iNPOFi: Wireless Charging Nirvana!

The iNPOFi Deluxe pack features both a charging board, a mobile charger (which is also a wireless charging pad), and a case. It's an altogether impressive package, but if you are looking to embed this award-winning wireless charging capability in your own technology, iNPOFi has you covered there as well.

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iNOPOFi is short for “invisible power field,” a patented technology I saw a demo of at CES (including some of their small electronic embedded prototypes). The system is highly efficient, allowing for an up to 95 percent energy conversion factor. Many inferior wireless charging products will not match this capability. Due to the smart features and safeguards built into the iNPOFi product, it is also very safe to use. I tried out some bizarre charging tests in fact to verify this claim (putting both the mobile charger and my phone in my pocket to see how hot it became, and/or touching the contact points while charging to try to detect a shock). You probably had no idea the iPhoneLifers put themselves at risk to test these great products we write about, but someone has to do the dirty jobs! Anyway, you can contact the company about embedding iNPOFi charging tech in your products here, if that's your fancy.

The charging board and mobile charger not only charged the iPhone 6 very efficiently, I am happy to say they did not injure or even make me the slightest bit uncomfortable (even charging in my pocket) during my tests. The magic is the tiny embedded receiver and transmitter technology (built into the chargers and the case) that not only regulates charge accurately and efficiently, but reduces charge at appropriate times to prevent overcharging.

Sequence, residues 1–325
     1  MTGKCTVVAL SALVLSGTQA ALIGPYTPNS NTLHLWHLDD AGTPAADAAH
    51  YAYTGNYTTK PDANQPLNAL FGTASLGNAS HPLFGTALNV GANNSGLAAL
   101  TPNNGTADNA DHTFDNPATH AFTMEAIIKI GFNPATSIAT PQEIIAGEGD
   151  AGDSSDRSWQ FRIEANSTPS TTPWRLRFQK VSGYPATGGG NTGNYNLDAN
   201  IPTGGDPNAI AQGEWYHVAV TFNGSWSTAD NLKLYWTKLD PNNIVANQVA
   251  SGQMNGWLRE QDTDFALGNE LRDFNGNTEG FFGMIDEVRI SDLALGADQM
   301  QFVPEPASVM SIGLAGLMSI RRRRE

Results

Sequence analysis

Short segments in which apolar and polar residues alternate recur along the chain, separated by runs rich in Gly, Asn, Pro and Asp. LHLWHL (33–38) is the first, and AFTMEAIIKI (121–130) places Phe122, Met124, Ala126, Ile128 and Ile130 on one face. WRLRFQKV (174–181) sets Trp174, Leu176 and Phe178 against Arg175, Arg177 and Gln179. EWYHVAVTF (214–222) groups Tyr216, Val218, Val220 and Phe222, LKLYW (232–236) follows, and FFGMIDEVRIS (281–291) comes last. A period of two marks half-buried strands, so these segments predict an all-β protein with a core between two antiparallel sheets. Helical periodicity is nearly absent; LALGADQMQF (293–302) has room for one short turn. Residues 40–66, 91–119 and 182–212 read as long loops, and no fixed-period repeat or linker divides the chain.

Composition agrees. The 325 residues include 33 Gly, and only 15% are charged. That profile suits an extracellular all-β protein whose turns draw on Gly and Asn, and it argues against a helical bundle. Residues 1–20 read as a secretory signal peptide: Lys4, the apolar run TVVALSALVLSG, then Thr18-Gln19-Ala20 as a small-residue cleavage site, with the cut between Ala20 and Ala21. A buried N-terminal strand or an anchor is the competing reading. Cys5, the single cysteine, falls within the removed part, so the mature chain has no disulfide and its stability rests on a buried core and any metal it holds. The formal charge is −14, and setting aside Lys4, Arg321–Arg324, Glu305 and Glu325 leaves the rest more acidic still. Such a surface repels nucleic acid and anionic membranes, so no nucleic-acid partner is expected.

The attractively thin charging pad, like the somewhat thicker mobile charger with an internal battery, is covered by a sturdy molded plastic shell, with a slim gold metal pad that conducts charge up through the twin plates on the top of the pad. A thin lighted strip in the center indicates when the unit is dispensing current (on the mobile version a row of LEDs at one end indicates charge status). The board connects by USB to a power source, and then you can start the current flowing to your device, by placing it on the pads with both contact points on the rear of the case touching—2 rails that horizontally traverse the back of the case create the needed contact points. Of course your iPhone needs to be installed in the case.

The mobile charge pad comes in models with either a 6000 mAh or 8000 mAh battery, and as cool as it is as a wireless charger, the battery pack has the advantage of being used for wired charging needs as well, even simultaneously (e.g. charge an iPad and wirelessly charge your iPhone at the same time). You can get three full charge cycles out of the 6000 mAh version before having to charge the unit itself. The device has both a USB port for output power and a micro-USB for input on one end.

The case itself is basically thin plastic, save for the large square area on the back with the metallic contact points, which seems a bit sturdier. I wouldn’t expect this case to take a serious shock, and it doesn’t wrap around the top edges of the device to provide much, if any, screen protection. It wouldn’t hurt for INPOFi to design a sturdier case model with a bit more protection, in my opinion. The other annoyance is that the case requires you to carry around a stiff audio connector (due to the bulk at the bottom that makes connecting headphones a fuss). Personally, I would have tried to embed an audio port in the case, or otherwise reduce the thickness at the bottom, but if you don't mind yanking out your headphones by the wire (which could admittedly cause a wire problem eventually), you don't need the added adapter.

The Verdict

The iNPOFi charging board and mobile charging pack is really an impressive wireless charging system. It worked flawlessly in my testing, and it matched nearly any other charging solution I put it up against in overall terms of charging efficiency. I recommend it without hesitation. The case itself could be a bit sturdier for my tastes (I’m clumsy), but also worked well as a charging receiver regardless of the minor annoyances I reported. You can learn more at the links provided above, or see the lineup on Amazon here. Amazon prices vary based on model ($119.99–$149.99 MSRP).


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Nate Adcock's picture

Nate Adcock is a system and integration engineer with experience managing and administering a variety of computing environments. He has worked extensively with mobile gadgets of all shapes and sizes for many years. He is also a former military weather forecaster. Nate is a regular contributor for the and blogs and helps manage both websites. Read more from Nate at or e-mail him at